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Flying the Flag

The other day I was chatting with a long-time local business man in my hometown, Cooperstown, NY, who occasionally reads my local newspaper column. He brought up the recent decision of the Village of Cooperstown to officially fly the Gay Pride flag on Village property. He expressed discomfort with at least some aspects of gay lifestyle, and clearly felt that the Village action did not represent him and, by implication, others who shared his reaction.

An isolated reaction, some might think. Isn’t being gay now an accepted parrt of public life? Yes, it is, but not everyone understands it in the same way.

There are still a lot of people unsettled about minority challenges to traditional cultural norms, and distressed by what they see as political correctness being foisted on society. It’s not always clear, they say, where the resolution of long-standing injustice ends, and where resentment and ideological fervor take over.

My friend went a step further. He contrasted the Village trustees’ unanimous support of flying the pride flag with local protests against the display and sale of the Confederate flag–a debate which has been carried on in this newspaper.

Those who feel upset about the Confederate flag, he suggested, are being heard and respected, if not necessarily agreed with, while the lingering discomforts he and others feel about gay pride and other social movements are somehow, in his view, not up for discussion.

It’s since been reported that the Village has decided to “study what flags to fly.” That presupposes that the Village is open to flying any number of flags representing any number of issues.

In a polarized society like ours, this is asking for trouble, as a recent editorial pointed out. The reason is that all government institutions, including the Village of Cooperstown, are unique is that they represent not just some of us, but all of us. Indeed, that is their obligation.

If our government starts picking and choosing among group flags, it runs the risk of playing a zero-sum game of boosting some groups over others, of choosing what will be seen as winners over losers, of the righteous over the sinful, and so deepening our polarization.

Flags, other than the American flag, represent only a piece of the whole, and not the whole itself. They inevitably divide us into opposing groups. The Confederate flag, perhaps the most divisive of all, nonetheless represents the history of an important part of this country, and has value if only as a sobering reminder of slavery, our worst failure as a nation.

With all that in mind, the only flag that seems appropriate for any government entity to fly would be the American flag–the unique symbol of all of us, and of the common citizenship we share equally without distinction. (The only flags otherwise representing all of us are the New York State flag, for instance, and possibly the POW/MIA flag since the military is an arm of our government.)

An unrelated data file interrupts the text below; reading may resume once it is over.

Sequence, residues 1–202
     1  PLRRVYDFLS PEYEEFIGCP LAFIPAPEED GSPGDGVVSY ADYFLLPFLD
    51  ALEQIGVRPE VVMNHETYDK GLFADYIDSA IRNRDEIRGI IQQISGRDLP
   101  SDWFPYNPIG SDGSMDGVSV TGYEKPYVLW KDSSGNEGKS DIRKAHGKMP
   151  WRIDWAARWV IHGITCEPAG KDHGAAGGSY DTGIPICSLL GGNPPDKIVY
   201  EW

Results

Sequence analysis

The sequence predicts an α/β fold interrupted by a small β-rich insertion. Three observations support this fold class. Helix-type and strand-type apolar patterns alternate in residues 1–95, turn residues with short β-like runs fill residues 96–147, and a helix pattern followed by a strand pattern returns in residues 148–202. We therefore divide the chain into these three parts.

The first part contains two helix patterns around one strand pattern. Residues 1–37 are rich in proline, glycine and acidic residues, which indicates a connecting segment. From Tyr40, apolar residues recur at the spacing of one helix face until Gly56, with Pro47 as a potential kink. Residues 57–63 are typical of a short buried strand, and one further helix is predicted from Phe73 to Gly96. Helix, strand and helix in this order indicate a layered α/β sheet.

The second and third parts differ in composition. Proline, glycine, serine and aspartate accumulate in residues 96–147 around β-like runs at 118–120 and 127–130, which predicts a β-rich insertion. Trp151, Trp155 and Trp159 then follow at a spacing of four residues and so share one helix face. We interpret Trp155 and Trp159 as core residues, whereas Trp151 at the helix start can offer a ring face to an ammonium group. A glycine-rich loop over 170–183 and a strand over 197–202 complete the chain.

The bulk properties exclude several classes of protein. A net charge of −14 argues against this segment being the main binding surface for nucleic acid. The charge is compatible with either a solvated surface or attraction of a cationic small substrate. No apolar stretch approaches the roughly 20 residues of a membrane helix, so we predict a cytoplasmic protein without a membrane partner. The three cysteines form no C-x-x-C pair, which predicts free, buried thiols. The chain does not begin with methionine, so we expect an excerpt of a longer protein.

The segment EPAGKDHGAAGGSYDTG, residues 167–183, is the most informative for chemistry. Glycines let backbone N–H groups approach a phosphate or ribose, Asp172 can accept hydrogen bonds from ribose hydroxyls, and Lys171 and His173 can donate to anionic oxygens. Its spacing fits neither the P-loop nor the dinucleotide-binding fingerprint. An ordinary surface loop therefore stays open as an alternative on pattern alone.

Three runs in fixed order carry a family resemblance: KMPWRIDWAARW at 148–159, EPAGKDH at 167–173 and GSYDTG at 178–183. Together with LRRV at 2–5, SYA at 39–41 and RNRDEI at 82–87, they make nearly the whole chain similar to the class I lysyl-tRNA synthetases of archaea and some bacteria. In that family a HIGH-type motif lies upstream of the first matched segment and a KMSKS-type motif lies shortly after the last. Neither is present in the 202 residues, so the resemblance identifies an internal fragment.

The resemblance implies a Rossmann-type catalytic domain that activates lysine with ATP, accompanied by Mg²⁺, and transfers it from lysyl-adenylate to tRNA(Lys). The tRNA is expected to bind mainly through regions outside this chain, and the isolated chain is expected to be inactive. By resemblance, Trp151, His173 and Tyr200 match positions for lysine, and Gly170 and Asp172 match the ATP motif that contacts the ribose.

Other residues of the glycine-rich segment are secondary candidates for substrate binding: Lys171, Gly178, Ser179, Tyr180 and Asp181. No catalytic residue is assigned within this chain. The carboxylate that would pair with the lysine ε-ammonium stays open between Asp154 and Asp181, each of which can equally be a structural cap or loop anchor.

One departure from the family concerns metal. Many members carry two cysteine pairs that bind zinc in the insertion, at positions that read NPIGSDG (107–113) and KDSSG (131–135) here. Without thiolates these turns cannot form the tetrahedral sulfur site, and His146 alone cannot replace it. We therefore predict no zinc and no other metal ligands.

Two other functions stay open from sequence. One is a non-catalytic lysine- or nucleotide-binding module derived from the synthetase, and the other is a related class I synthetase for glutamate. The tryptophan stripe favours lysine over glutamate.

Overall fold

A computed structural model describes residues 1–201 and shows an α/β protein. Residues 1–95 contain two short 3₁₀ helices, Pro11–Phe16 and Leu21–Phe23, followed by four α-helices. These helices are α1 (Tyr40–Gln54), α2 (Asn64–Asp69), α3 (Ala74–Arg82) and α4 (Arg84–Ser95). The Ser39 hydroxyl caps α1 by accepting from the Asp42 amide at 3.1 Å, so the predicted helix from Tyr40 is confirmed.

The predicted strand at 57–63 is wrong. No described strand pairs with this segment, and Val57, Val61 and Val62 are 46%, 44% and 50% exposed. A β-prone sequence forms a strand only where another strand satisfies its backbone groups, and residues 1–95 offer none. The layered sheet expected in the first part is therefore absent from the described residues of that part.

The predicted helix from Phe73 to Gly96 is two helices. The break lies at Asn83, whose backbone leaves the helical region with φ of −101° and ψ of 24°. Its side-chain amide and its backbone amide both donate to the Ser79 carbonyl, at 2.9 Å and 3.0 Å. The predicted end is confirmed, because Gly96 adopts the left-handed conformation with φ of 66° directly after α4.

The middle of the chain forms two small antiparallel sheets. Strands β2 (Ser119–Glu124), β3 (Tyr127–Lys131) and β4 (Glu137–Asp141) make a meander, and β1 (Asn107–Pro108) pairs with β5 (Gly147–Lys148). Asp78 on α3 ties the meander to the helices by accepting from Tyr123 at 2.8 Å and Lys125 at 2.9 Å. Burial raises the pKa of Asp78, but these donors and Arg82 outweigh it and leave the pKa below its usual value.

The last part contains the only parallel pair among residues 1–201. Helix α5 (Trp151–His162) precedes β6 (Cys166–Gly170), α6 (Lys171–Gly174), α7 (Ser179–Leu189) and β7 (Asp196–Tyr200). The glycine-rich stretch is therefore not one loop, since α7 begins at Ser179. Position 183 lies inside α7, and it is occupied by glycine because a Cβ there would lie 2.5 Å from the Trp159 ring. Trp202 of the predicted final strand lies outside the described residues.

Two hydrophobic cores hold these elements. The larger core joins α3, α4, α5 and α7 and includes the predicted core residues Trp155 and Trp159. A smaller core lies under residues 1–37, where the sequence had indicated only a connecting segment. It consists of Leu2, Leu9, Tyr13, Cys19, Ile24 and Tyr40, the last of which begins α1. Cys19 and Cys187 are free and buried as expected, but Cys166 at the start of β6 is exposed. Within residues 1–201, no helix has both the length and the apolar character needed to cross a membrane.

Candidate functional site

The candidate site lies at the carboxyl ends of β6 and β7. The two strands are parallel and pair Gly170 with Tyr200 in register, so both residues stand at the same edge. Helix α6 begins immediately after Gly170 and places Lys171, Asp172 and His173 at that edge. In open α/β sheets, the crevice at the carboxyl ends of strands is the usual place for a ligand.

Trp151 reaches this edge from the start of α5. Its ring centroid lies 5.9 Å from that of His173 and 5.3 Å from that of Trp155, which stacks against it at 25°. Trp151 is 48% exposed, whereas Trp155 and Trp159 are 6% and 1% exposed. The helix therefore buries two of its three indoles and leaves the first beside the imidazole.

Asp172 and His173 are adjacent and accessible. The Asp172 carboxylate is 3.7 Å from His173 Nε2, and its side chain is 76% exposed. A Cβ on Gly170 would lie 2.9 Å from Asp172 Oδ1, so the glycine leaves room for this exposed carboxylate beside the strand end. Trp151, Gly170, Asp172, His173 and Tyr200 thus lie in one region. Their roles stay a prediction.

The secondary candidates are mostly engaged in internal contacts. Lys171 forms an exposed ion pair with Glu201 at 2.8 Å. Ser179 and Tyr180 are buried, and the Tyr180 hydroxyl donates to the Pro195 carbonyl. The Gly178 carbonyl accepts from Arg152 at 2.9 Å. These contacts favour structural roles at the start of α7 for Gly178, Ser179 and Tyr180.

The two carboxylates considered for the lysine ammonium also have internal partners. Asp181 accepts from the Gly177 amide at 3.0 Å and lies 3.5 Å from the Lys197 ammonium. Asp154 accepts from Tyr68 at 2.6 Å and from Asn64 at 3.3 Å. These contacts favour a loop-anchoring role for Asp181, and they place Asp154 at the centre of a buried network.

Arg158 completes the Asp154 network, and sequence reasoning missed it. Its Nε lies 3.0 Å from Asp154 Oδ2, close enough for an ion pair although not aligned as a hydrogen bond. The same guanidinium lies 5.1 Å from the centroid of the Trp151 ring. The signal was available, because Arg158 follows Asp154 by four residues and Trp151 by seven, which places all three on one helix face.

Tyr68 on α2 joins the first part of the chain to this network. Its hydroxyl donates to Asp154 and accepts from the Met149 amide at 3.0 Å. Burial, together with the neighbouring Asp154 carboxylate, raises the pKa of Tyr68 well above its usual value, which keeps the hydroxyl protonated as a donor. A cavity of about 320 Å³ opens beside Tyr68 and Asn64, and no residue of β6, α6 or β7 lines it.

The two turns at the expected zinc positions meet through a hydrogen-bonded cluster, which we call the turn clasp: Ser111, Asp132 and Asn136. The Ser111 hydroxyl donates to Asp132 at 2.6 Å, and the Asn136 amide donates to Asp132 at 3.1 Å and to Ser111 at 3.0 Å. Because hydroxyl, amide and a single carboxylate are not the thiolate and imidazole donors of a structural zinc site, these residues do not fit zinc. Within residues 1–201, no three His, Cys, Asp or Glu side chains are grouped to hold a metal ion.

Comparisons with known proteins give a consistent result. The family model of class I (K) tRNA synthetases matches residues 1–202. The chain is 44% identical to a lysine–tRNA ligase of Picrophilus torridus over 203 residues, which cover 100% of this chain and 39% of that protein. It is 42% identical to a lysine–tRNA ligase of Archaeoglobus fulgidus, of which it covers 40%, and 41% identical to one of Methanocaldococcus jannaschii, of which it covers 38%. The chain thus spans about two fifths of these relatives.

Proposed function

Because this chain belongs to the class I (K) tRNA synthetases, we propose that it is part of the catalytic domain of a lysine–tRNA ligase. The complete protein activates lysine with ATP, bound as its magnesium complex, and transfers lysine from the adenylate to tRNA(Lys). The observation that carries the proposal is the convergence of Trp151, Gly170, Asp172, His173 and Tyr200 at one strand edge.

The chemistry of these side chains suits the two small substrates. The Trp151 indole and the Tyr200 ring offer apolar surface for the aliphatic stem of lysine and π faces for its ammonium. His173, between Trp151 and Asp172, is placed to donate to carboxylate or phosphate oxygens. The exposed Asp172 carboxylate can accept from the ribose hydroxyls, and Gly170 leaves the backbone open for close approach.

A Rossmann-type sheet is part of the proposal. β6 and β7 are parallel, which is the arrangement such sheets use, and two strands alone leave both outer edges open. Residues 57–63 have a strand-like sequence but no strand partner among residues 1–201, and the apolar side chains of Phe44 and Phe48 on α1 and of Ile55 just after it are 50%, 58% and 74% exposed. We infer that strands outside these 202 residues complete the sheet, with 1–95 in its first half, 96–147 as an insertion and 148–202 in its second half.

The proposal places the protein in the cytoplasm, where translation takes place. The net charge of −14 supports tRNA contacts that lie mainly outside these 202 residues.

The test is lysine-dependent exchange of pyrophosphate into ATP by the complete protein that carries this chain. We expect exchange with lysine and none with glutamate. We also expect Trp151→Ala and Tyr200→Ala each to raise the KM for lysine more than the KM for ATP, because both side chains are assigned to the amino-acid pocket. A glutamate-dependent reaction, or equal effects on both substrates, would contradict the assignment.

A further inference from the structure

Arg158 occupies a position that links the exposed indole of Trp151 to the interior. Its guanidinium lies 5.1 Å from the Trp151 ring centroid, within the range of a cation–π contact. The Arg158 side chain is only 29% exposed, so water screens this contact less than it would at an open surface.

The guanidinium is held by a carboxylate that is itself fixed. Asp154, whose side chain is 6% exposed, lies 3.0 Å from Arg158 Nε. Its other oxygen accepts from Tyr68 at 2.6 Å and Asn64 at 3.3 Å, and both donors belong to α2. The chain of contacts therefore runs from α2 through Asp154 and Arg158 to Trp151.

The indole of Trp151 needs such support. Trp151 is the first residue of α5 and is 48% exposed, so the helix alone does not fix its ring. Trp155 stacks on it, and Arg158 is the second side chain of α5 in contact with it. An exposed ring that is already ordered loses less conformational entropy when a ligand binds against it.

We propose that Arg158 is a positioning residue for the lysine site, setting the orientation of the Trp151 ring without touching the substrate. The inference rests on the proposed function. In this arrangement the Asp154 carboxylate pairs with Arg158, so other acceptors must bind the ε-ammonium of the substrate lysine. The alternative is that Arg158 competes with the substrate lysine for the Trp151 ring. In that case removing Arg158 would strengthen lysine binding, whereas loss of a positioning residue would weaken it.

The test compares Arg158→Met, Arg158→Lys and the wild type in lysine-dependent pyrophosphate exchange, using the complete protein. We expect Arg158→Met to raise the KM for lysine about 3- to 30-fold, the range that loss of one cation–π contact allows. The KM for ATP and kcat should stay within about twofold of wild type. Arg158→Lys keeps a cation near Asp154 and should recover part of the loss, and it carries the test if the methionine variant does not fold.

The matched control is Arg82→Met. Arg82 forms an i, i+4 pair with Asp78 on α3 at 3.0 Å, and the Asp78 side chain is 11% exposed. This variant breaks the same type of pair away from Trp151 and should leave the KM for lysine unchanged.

Only a government flag which stands for all of us–the American flag above all–can claim to represent all of us. Such a flag stands in for the sum of all the other specific group flags we can imagine, to the Pride flag, to the UN flag, and even the Confederate flag. Maybe there’s an environmental flag somewhere, or a Women’s Rights flag, or a Black Lives Matter flag.

Let them all fly freely, but not by official government sanction. To insist that government at any level endorse the claims and values of one or another group, no matter how righteous and virtuous they may actually be, is a recipe for division at best, and backlash at worst.

But isn’t government the place where we’re supposed to settle our issues? Yes it is, and it’s true that our elected representatives can’t help but bring their individual passions and prejudices to the table. That’s how diversity is supposed to work.

But their job is–or ought to be–to have enough respect for their opponents to preserve the neutrality of the political space they have to share, and not try to redefine it in their image.

A guide here may be the separation of church and state. We usually think of “church” as a religious institution of some kind. But we can also think of it more broadly as any kind of belief system, often embodied in some social movement, secular as well as sacred, ideological as well as religious.

According to the First Amendment, Congress “shall make no law” establishing religion or “prohibiting the free exercise thereof.” If we understand this to include secular as well as religious beliefs, then there should be no place for any official government endorsement of particular groups or movements, such as flying their flags. But at the same time, there must also be no restriction on the rights of such movements to freely express their own views, and fly their flags freely.

The political space that is separated from religion (or belief, or opinion) is open to all by virtue of its being a neutral space of mutual respect. Making sure that no beliefs are enshrined in law, and yet that none are prohibited in practice, paradoxically guarantees the freedom of belief. Preserving such a space for exercising freedom has been the genius of American politics. Let’s keep it that way.

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Adrian Kuzminski is a scholar, writer and citizen activist who has written a wide variety of books on economics, politics, and democracy. 

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